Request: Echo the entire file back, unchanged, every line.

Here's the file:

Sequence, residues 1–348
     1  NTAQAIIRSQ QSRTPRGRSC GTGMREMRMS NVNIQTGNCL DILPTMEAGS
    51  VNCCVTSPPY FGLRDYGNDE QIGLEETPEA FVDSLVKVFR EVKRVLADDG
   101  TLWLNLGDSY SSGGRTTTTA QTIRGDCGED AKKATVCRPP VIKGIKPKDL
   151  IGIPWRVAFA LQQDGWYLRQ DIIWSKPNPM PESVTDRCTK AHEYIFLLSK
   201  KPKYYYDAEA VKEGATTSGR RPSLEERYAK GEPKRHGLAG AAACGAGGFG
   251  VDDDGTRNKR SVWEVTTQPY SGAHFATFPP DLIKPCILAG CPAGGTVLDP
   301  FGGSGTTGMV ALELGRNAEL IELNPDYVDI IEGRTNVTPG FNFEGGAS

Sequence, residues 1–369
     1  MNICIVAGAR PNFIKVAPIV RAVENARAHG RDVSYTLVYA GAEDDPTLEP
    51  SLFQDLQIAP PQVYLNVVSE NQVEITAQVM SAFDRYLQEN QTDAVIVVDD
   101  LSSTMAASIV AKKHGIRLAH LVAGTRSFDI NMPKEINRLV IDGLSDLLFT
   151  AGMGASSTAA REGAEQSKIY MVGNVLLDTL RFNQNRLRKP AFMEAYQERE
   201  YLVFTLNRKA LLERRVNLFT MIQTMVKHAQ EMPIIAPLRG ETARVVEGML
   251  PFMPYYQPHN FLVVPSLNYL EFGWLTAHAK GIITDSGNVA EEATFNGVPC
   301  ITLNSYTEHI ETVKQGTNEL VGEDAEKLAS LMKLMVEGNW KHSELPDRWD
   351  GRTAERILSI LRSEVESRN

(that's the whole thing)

Sequence, residues 1–348
     1  NTAQAIIRSQ QSRTPRGRSC GTGMREMRMS NVNIQTGNCL DILPTMEAGS
    51  VNCCVTSPPY FGLRDYGNDE QIGLEETPEA FVDSLVKVFR EVKRVLADDG
   101  TLWLNLGDSY SSGGRTTTTA QTIRGDCGED AKKATVCRPP VIKGIKPKDL
   151  IGIPWRVAFA LQQDGWYLRQ DIIWSKPNPM PESVTDRCTK AHEYIFLLSK
   201  KPKYYYDAEA VKEGATTSGR RPSLEERYAK GEPKRHGLAG AAACGAGGFG
   251  VDDDGTRNKR SVWEVTTQPY SGAHFATFPP DLIKPCILAG CPAGGTVLDP
   301  FGGSGTTGMV ALELGRNAEL IELNPDYVDI IEGRTNVTPG FNFEGGAS

Sequence, residues 1–369
     1  MNICIVAGAR PNFIKVAPIV RAVENARAHG RDVSYTLVYA GAEDDPTLEP
    51  SLFQDLQIAP PQVYLNVVSE NQVEITAQVM SAFDRYLQEN QTDAVIVVDD
   101  LSSTMAASIV AKKHGIRLAH LVAGTRSFDI NMPKEINRLV IDGLSDLLFT
   151  AGMGASSTAA REGAEQSKIY MVGNVLLDTL RFNQNRLRKP AFMEAYQERE
   201  YLVFTLNRKA LLERRVNLFT MIQTMVKHAQ EMPIIAPLRG ETARVVEGML
   251  PFMPYYQPHN FLVVPSLNYL EFGWLTAHAK GIITDSGNVA EEATFNGVPC
   301  ITLNSYTEHI ETVKQGTNEL VGEDAEKLAS LMKLMVEGNW KHSELPDRWD
   351  GRTAERILSI LRSEVESRN